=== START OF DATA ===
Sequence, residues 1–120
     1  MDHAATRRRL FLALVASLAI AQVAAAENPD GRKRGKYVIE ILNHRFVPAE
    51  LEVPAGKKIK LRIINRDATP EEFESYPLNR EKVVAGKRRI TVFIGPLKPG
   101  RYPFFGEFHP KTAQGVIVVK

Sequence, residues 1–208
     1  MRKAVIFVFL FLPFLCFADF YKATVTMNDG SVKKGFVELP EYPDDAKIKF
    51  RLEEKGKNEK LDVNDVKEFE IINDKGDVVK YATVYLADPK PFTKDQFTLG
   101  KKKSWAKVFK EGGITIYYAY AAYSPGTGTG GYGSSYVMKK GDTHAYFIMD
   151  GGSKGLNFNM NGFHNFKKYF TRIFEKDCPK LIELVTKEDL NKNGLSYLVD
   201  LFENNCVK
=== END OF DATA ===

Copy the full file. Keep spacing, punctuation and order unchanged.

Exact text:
Sequence, residues 1–120
     1  MDHAATRRRL FLALVASLAI AQVAAAENPD GRKRGKYVIE ILNHRFVPAE
    51  LEVPAGKKIK LRIINRDATP EEFESYPLNR EKVVAGKRRI TVFIGPLKPG
   101  RYPFFGEFHP KTAQGVIVVK

Sequence, residues 1–208
     1  MRKAVIFVFL FLPFLCFADF YKATVTMNDG SVKKGFVELP EYPDDAKIKF
    51  RLEEKGKNEK LDVNDVKEFE IINDKGDVVK YATVYLADPK PFTKDQFTLG
   101  KKKSWAKVFK EGGITIYYAY AAYSPGTGTG GYGSSYVMKK GDTHAYFIMD
   151  GGSKGLNFNM NGFHNFKKYF TRIFEKDCPK LIELVTKEDL NKNGLSYLVD
   201  LFENNCVK